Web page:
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Fears that harmonisation of higher education will involve a rigid standardisation of systems and strip them of autonomy must be addressed if greater progress is to be made towards a common quality assurance framework, according to Goski Alabi, professor of quality management and leadership at the University of Professional Studies in Accra, Ghana.
Fears that harmonisation of higher education will involve a rigid standardisation of systems and strip them of autonomy must be addressed if greater progress is to be made towards a common quality assurance framework, according to Goski Alabi, professor of quality management and leadership at the University of Professional Studies in Accra, Ghana.

Speaking at a recent webinar hosted by the AAU and the ADEA Working Group on Higher Education funded by TrustAfrica on the topic of ‘Promoting differentiation, diversification and harmonisation of African education systems’, Alabi said: “It is critical to reduce the fear in some institutions that harmonisation is going to strip them of the autonomy to regulate or control their programmes, curriculum or delivery,” adding that some authorities see it as a rigid standardisation of systems.

Professor Peter A Okebukola, an expert in quality assurance in education systems and the president of the Global University Network for Innovation (GUNI), who chaired the webinar, suggested that there was a need for legal provisions so that institutions could ‘domesticate’ agreed harmonisation and differentiation guidelines within the respective countries.

Alabi said both harmonisation and differentiation were key issues in a context of commodification of higher education and the ability of institutions to set themselves up in almost any country depending on that country’s national regulations.

“What programmes are being offered is something we need to examine at a continental level in relation to accreditation which is still underway,” Alabi said.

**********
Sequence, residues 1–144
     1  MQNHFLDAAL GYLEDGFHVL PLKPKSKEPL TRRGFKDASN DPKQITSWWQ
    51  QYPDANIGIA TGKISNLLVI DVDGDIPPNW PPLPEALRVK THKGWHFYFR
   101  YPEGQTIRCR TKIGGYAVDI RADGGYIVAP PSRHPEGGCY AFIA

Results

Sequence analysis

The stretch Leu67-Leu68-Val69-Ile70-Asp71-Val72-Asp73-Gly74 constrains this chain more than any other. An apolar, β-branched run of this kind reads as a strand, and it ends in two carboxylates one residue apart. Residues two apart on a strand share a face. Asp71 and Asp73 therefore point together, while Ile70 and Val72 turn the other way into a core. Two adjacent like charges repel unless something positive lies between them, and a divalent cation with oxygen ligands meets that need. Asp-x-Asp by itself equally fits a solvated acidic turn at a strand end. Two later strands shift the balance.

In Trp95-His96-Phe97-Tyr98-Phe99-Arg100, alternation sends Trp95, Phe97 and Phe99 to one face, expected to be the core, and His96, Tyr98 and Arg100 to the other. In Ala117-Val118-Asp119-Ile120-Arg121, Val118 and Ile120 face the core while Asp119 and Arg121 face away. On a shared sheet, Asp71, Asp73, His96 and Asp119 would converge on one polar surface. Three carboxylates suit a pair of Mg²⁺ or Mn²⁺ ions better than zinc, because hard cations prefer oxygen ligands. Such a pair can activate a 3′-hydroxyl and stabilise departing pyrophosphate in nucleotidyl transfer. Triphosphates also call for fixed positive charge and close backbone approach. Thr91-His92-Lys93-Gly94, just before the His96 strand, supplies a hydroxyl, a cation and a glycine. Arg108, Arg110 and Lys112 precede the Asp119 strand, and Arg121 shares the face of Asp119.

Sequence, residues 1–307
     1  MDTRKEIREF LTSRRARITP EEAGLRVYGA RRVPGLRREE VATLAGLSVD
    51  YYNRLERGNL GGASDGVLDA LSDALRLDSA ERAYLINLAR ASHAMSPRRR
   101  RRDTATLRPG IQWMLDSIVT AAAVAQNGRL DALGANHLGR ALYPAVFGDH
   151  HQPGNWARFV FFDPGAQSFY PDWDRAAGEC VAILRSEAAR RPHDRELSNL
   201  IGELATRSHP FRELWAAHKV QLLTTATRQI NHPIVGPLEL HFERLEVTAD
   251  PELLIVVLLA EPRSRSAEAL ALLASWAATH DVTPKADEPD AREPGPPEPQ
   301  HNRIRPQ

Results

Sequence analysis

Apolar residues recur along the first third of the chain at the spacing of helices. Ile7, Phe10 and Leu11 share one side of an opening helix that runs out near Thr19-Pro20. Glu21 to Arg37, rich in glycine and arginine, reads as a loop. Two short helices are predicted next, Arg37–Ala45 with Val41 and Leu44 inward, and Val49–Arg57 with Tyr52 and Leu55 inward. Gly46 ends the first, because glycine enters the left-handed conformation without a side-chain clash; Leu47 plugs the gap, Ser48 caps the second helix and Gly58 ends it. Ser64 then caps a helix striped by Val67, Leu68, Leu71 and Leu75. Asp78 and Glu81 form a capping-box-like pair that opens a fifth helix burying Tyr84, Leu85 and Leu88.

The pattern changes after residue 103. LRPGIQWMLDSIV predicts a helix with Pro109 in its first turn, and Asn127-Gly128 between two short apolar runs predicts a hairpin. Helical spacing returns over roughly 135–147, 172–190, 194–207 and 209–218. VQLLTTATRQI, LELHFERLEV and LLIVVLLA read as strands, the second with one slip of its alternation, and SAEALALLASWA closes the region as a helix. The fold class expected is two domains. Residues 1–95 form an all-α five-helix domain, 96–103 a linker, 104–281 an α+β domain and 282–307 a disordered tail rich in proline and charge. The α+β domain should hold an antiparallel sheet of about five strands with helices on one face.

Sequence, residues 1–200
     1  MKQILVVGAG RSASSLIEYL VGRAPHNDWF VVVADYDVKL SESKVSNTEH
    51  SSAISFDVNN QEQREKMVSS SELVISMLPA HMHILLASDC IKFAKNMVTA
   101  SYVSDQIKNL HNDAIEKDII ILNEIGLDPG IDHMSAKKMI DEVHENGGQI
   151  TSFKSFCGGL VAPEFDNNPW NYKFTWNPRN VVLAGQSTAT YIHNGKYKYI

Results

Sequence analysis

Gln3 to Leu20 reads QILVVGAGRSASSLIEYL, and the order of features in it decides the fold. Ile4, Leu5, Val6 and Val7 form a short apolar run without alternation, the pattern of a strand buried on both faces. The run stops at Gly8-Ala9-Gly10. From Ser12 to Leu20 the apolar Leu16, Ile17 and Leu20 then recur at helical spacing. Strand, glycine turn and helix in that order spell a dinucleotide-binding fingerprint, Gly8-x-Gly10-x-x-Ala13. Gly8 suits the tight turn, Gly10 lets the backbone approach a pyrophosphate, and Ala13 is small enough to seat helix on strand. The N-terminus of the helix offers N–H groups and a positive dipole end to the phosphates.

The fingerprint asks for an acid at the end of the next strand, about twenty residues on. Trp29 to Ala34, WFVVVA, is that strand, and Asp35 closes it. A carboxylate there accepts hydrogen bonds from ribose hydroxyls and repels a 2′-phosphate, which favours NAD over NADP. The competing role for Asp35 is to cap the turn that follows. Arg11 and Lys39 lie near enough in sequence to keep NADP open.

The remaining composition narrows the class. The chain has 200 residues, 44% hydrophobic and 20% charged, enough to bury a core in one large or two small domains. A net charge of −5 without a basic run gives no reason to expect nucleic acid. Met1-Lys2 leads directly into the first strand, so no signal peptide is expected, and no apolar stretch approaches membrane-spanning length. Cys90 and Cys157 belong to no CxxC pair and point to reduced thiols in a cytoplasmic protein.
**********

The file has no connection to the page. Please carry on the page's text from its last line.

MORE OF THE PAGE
She said she was also concerned that Tuning Africa – a collaborative methodology for academics to develop, implement and evaluate competence-based study programmes, level descriptors and new teaching and learning methods in specific subject areas implemented under the Joint Africa-EU Strategy – was not scaled up so as to ensure that more African institutions could benefit.

Alabi suggested the need to examine how technology had changed the delivery of programmes in higher education.

Progress in benchmarking

Webinar participants included vice-chancellors, academics, students, consultants and experts in the diaspora – all of whom shared ideas on progress made in benchmarking educational standards and systems at the institutional, national, regional and continental level.

The idea of a shared vision for the African higher education sector in part dates back to the first African Higher Education Summit held in Senegal – Revitalising Higher Education for Africa’s Future – in 2015, when the promotion of diversification, differentiation and harmonisation of higher education systems at all levels was identified as being able to help create a shared vision for higher education and reposition the sector more favourably.

The African Union has been in the process of promoting quality assurance and the development of a framework for the harmonisation of African higher education programmes through initiatives that include the Pan-African Quality Assurance Framework (PAQAF) since 2013.

PAQAF’s role is to develop a continental qualifications framework, implement the Addis Ababa Convention, develop quality assurance standards and guidelines for the African higher education system as a reference point for national and regional systems, promote the African Quality Rating Mechanism (a tool for institutional assessment), develop the African Credit Accumulation and Transfer System and create a continental register for national quality agencies.